Ramsey Library Special Collections

North Carolina Jazz Musicians
Bio-bibliography, Selected Recordings, Research Guide

by Bryan Sinclair, Associate University Librarian for Public Services, UNC Asheville

Intro :: Musicians A-E :: F-K :: L-R :: S-Z

- A -

Atkinson, Alvin R., Jr.
Drummer, educator; b. Dudley, NC, 01/20/72 - . Graduate of North Carolina Central University. Has toured throughout the U.S. and abroad with various artists such as Freddy Redd, Ellis Marsalis, Jimmy Heath, Barry Harris, Houston Person, Oscar Brown, Jr., Ernie Andrews, Miguel Zenon, Tom Browne, Vanessa Rubin and Wycliffe Gordon. Recent highlights include: selection as a Jazz at Lincoln Center Rhythm Road participant for the 2006-2007 season; 2004 Jazz Ambassador-tour of Africa and South America sponsored by the Kennedy Center and the State Department; a performance at the White House for President George W. Bush in 2002; house drummer for the 2002-2003 season of the Emeril Live television show on the Food Network Channel; Harlem National Tour with the Kennedy Center 2002-2003. In 2004-2005, Atkinson served as the Visiting Professor of Drum-set Studies at the University of Manitoba in Winnipeg, Canada. Currently, Atkinson teaches Jazz Language and Rhythm Studies at Jazz at Lincoln Center's MiddleSchool Jazz Academy, and he works with students at The New School for Jazz and Contemporary Music in New York City.

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Bernhardt, Clyde E. B. (Edric Barron)
All Music Guide Entry
Trombonist, vocalist; b. near Gold Hill, NC, 7/11/05-5/20/86. Grew up in Richfield, New Hope, New London, Badin, and various locations around the Piedmont. Highlights growing up included running errands for blues singer Ma Rainey during a stopover in Badin and seeing singer Bessie Smith perform at the Lafayette and Lincoln Theatres in Winston-Salem. At 14, he began delivering telegrams in Badin, becoming the only “colored” messenger boy for Western Union in the state. In 1921, Clyde left NC to join his mother in Harrisburg, Pennsylvania. He would later go on to perform with King Oliver, Charlie Parker, and other jazz greats. Sources: Bernhardt, Clyde E. B. I Remember: Eighty Years of Black Entertainment, Big Bands, and the Blues. As told to Sheldon Harris. Philadelphia: U of Pennsylvania P, 1986; Bernhardt, Clyde. “Talking About King Oliver: An Oral History Excerpt.” Annual Review of Jazz Studies 1 (1982): 32-38; Feather and Gitler's Biographical Encyclopedia of Jazz, 1999; Gaster, Gilbert. “Clyde Bernhardt.” Storyville 44 (December 1972/January 1973): 54-56, 58-70; New Grove Dictionary of Jazz, 2nd ed. Selected CDs: Bernhardt, Clyde. The Complete Recordings, Vols. 1 & 2. Blue Moon 6016/6017 (Originally recorded 1945- 53); Parker, Charlie. Volume 3: Young Bird–1945. Masters of Jazz/FRA 104, 1996 (Originally recorded 1945; Bernhardt appears as composer, trombonist, and vocalist).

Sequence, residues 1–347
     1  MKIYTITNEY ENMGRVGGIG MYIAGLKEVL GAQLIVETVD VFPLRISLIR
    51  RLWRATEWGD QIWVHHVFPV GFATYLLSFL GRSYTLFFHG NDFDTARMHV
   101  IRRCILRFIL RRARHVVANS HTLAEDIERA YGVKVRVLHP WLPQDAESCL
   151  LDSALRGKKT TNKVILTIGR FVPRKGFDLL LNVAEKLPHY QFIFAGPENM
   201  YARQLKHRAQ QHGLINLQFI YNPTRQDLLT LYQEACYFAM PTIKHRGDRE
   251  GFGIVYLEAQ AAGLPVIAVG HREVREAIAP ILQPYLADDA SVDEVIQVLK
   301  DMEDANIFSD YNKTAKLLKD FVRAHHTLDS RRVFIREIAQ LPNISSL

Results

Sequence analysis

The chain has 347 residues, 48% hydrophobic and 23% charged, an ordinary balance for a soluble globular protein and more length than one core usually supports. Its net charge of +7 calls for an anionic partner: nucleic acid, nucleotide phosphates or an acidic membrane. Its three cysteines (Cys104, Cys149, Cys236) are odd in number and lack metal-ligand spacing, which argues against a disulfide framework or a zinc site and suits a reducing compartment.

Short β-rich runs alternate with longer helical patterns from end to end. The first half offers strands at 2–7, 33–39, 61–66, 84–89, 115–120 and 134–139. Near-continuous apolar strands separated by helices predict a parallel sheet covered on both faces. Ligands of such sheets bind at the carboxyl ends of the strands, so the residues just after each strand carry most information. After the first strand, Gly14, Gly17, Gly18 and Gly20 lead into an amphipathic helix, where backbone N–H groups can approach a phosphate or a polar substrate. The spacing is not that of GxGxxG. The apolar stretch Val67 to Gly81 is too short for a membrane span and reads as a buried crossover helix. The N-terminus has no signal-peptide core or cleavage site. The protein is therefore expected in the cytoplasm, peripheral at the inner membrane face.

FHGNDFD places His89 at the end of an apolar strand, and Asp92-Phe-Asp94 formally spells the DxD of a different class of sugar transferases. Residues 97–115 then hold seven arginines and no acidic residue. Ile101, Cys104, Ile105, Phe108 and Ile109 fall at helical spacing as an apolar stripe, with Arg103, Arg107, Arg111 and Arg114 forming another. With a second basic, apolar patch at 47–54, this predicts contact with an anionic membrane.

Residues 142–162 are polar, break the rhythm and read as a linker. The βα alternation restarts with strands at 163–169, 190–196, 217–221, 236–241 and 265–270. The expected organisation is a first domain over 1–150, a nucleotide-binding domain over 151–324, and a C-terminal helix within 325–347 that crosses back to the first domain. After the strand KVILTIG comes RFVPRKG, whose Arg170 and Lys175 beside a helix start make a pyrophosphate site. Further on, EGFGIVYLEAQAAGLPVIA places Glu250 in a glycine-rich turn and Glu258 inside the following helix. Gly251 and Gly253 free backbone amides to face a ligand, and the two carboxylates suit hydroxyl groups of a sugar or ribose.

Best, Johnny (John McClanian, Jr.)
Trumpeter; b. Shelby, NC, 10/20/13-   . Attended Duke and UNC-Chapel Hill. Sources: Feather and Gitler's Biographical Encyclopedia of Jazz, 1999; New Grove Dictionary of Jazz, 2nd ed.

Best, Skeeter (Clifton)
All Music Guide Entry
Electric guitarist; b. Kinston, NC, 11/20/14-5/27/85. Sources: Feather and Gitler's Biographical Encyclopedia of Jazz, 1999; New Grove Dictionary of Jazz, 2nd ed. Selected CDs: Charles, Ray, and Milt Jackson. Soul Brothers. Atlantic 81951, 1990 (Originally recorded 1957).

Bishop, Jeb
All Music Guide Entry
Trombonist; from Raleigh, NC. Web Links: "Liner Notes: Jeb Bishop Trio." http://www.okkadisk.com/releases/od12029.html  Selected CDs: Jeb Bishop Trio. Jeb Bishop Trio. Okka Disk 12029, 1999.

Bonner, Joe (Joseph Leonard)
All Music Guide Entry
Pianist; b. Rocky Mount, NC, 4/20/48-  . Sources: Feather and Gitler's Biographical Encyclopedia of Jazz, 1999; New Grove Dictionary of Jazz, 2nd ed. Selected CDs: Bonner, Joe. Impressions of Copenhagen. Evidence 22024, 1981; Bonner, Joe. Two and One. Steeple Chase 37033/34, 1983.

Brooks, David "Bubba"
All Music Guide Entry
Tenor saxophonist; b. Fayetteville, NC. Brother of Tina Brooks. Recorded in Europe for the TCB label late in his career and life.

Brooks, Tina (Harold Floyd)
All Music Guide Entry
Tenor saxophonist; b. Fayetteville, NC, 6/7/32-8/13/74. He and his twin brother Harry were born the youngest of eight children to David and Cornelia Brooks of Fayetteville. Harold was given the name Tina (pronounced “teena”) during his early school days on account of his smallish stature. The extended family moved to New York City in 1944, but Tina was sent back to Fayetteville to attend E. E. Smith School for most of his high school education. He first took lessons from his older brother, David "Bubba" Brooks, also a saxophonist born in Fayetteville, then went on to play in many Bronx and Harlem clubs. Recently, Brooks has gained posthumous popularity among jazz aficionados for the reissues of his recordings for the Blue Note label between 1958-1961. Sources: Ansell, Derek. “The Forgotten Ones.” Jazz Journal International 45 (February 1992): 26; Cuscuna, Michael. Liner Notes. The Complete Blue Note Recordings of the Tina Brooks Quintets (LP Box Set). Mosaic 106, 1985; Feather and Gitler's Biographical Encyclopedia of Jazz, 1999; New Grove Dictionary of Jazz, 2nd ed.; Rosenthal, David. “The Power of Badness.” Hard Bop: Jazz and Black Music 1955-1965. New York: Oxford U P, 1992. Web Links: Cuscuna, Michael. "True Blue: The Tina Brooks Tribute & Discography." http://members.tripod.com/~hardbop/brooks_discography.html  Selected CDs: Brooks, Tina. Back to the Tracks. Blue Note 21737, 1998 (Originally recorded 1960); Brooks, Tina. Minor Move (Connoisseur Series). Blue Note 22671, 2000 (Originally recorded 1958); Brooks, Tina. The Waiting Game (Connoisseur Series). Blue Note 40536, 2002 (Originally recorded 1961); Hubbard, Freddie. Open Sesame (Rudy Van Gelder Edition). Blue Note 95341, 2002 (Originally recorded 1960).